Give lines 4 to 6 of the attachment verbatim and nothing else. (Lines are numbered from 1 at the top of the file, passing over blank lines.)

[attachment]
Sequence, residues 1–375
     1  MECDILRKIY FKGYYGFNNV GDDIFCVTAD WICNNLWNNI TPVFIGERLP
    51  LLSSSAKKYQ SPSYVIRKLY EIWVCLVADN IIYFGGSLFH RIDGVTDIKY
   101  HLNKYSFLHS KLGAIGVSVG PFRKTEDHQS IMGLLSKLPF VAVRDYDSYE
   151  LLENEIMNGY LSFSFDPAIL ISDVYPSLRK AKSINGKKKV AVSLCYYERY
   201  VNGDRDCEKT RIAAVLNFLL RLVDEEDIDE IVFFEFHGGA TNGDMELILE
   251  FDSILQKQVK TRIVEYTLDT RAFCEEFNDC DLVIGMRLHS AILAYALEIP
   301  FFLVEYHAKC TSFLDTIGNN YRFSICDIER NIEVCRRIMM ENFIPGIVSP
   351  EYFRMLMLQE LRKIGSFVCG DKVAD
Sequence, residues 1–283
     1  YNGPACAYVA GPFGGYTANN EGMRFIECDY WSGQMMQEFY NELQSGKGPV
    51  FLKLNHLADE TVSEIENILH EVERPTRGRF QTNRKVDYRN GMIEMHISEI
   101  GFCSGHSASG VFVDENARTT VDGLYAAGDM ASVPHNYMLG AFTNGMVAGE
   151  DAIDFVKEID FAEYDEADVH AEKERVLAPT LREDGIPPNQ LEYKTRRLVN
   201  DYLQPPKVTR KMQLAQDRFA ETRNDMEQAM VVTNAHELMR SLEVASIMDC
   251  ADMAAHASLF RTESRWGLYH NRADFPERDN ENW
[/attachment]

   101  HLNKYSFLHS KLGAIGVSVG PFRKTEDHQS IMGLLSKLPF VAVRDYDSYE
   151  LLENEIMNGY LSFSFDPAIL ISDVYPSLRK AKSINGKKKV AVSLCYYERY
   201  VNGDRDCEKT RIAAVLNFLL RLVDEEDIDE IVFFEFHGGA TNGDMELILE